Pueblo’s new regional economic growth plan tweaked for the future of PuebloPlex

From plans for a rail test track to a super-fast Swisspod test site and workforce housing, the future of the 16,000-acre PuebloPlex is expected to be diverse.

In keeping with these various plans, PuebloPlex Director of Operations Christopher Bolt requested some changes to the draft Pueblo Regional Comprehensive Plan reviewed by the Pueblo County Planning Commission at its Jan. 26 meeting.

The 250-plus-page draft plan is an updated version of the 2002 plan and outlines shared visions and goals for broad-based economic growth in Pueblo, Pueblo County, Pueblo West, and the towns of Boone and Rye.

This aerial photo shows PuebloPlex, part of the Pueblo Chemical Depot that is being redeveloped for multiple uses.

PuebloPlex disputed land uses

Because PuebloPlex, which includes the majority of the former Pueblo Chemical Depot site, was divided into two future land use categories by the plan, Bolt pointed out that these categories do not reflect the unique nature of PuebloPlex. He requested that the full project incorporate plans from the 2018 PuebloPlex Redevelopment Plan which created a single land use category for the entire site.

This land use category would allow “residential uses, which can be compatible with other uses in PuebloPlex when sufficiently buffered, industrial uses which can be buffered from surrounding properties and provide development flexibility,” a Bolt wrote in a letter asking for the change.

Bolt also asked the commission to remove the Prime Farmland and Biodiversity Conservation Area designations for the former military site. He said both suggestions were incorrect and could inhibit PuebloPlex’s economic growth potential.

“The historic use of the property is military/industrial and the existing environmental condition of the property makes it undesirable,” even for temporary crops, he said. “The monumental task and multi-million dollar investment in environmental cleanup has begun, historic nature of industrial munitions production and storage, the PuebloPlex property is more akin to a brownfield site than a prime farmland,” Bolt wrote.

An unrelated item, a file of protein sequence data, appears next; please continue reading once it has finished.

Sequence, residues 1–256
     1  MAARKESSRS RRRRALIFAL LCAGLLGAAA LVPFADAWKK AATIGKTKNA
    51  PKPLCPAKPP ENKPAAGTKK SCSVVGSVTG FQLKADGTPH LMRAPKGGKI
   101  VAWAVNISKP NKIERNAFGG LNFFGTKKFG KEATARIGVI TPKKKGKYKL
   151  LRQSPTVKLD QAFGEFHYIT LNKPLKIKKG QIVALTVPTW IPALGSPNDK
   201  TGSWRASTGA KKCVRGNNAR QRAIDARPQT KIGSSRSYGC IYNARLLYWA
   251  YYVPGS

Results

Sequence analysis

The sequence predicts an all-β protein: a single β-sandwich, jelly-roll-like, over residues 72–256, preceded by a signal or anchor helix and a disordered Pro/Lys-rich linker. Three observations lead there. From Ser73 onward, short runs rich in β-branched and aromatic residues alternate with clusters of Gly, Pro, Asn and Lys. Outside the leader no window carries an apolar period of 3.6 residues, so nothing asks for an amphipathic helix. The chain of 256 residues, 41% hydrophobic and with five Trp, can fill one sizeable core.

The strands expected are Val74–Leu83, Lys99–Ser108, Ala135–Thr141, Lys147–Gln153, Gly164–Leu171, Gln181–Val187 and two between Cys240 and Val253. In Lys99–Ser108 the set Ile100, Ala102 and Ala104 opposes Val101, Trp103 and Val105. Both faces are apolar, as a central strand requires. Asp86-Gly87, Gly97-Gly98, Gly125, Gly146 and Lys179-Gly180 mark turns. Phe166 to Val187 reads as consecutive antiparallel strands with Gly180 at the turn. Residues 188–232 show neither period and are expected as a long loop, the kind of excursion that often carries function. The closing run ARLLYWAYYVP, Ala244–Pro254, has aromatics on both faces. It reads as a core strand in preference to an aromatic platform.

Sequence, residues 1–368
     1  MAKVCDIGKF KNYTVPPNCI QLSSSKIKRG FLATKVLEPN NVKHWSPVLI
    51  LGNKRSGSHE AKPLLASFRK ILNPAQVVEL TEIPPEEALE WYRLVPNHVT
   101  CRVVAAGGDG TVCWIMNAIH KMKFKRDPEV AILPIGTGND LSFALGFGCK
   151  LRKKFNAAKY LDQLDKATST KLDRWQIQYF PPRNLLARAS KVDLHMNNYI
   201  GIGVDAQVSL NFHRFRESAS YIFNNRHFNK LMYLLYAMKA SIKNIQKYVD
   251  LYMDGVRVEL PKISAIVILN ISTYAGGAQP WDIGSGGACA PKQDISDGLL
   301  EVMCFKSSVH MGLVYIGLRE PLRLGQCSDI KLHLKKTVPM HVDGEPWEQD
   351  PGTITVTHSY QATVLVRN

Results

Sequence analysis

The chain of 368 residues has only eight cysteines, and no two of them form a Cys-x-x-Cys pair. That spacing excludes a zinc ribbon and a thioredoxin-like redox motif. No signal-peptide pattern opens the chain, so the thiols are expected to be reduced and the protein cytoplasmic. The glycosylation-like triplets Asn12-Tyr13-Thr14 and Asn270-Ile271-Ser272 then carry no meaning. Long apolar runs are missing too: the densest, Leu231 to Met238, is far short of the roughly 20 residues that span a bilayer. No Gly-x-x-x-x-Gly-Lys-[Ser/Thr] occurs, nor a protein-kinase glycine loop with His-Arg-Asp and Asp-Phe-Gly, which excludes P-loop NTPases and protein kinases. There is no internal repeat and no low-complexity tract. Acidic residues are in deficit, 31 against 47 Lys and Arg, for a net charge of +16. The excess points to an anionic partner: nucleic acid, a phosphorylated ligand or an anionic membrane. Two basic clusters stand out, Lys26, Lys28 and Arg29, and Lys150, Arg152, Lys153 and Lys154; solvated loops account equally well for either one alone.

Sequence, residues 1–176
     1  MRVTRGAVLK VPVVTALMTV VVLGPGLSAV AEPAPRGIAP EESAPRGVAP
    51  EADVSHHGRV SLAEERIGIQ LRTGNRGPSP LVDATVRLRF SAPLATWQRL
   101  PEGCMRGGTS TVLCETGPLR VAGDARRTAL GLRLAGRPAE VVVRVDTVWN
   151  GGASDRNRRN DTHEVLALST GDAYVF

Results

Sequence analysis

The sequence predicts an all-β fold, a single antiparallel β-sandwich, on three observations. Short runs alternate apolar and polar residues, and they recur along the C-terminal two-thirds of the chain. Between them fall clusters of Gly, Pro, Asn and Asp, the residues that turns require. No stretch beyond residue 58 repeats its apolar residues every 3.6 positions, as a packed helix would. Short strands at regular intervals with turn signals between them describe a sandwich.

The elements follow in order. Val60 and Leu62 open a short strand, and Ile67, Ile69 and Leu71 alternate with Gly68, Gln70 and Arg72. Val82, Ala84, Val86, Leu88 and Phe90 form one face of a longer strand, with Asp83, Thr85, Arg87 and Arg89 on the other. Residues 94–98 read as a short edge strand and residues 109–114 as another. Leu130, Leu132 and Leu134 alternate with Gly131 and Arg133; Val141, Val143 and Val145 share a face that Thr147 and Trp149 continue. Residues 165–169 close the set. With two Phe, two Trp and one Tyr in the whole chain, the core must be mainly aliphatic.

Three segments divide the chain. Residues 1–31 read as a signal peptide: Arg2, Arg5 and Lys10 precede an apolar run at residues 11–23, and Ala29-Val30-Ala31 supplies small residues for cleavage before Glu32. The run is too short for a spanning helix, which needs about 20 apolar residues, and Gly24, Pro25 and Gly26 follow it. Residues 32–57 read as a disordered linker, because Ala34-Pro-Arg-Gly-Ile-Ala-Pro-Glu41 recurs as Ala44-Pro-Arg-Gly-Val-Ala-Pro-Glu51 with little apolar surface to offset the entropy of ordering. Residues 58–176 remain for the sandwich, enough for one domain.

PuebloPlex President and CEO Russell DeSalvo (left), TTCI Interim President and CEO Kari Gonzales with Swisspod Co-Founder and CEO Denis Tudor outside from Water Tower Place.

PuebloPlex President and CEO Russell DeSalvo (left), TTCI Interim President and CEO Kari Gonzales with Swisspod Co-Founder and CEO Denis Tudor outside from Water Tower Place.

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He said the Biodiversity Conservation Area designation for PuebloPlex is not specified and is incorrect. Finally, Bolt also asked to correct the part of the plan that said, “In 2022, upon completion of weapons dismantling, ownership of this site should pass to the City of Pueblo.”

Bolt said there were no plans to transfer ownership to the city.

“The plan is to transfer ownership from the Department of the Army to PuebloPlex, the local redevelopment authority, over several years,” he wrote.

The commission unanimously accepted Bolt’s proposed changes and adopted an updated plan that will be forwarded to the Pueblo County Commission for approval. The plan will also be reviewed by the Pueblo City Council for approval.

Darci While of Clarion Associates, who wrote the plan for the various government agencies, said Pueblo officials are the only ones working together on a regional plan. She said that among residents surveyed, the strongest support appeared to be for a hybrid of suggested options that would include downtown revitalization, compact growth where there is existing infrastructure, and protection of farmland from choice in the region.

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Tracy Harmon, Chief Reporter, covers business news. She can be reached by email at [email protected] or via Twitter at twitter.com/tracywumps.

This article originally appeared on The Pueblo Chieftain: Regional Plan for PuebloPlex Changed to Guide Future Growth